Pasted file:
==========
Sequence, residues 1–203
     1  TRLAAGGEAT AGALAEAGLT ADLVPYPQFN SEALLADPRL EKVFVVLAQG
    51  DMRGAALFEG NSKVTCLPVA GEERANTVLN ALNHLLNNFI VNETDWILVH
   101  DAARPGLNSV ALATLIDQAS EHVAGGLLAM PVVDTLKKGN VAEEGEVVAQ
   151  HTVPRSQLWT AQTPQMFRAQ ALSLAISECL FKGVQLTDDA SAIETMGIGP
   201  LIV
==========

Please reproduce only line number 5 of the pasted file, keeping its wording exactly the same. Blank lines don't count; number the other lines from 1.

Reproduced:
   151  HTVPRSQLWT AQTPQMFRAQ ALSLAISECL FKGVQLTDDA SAIETMGIGP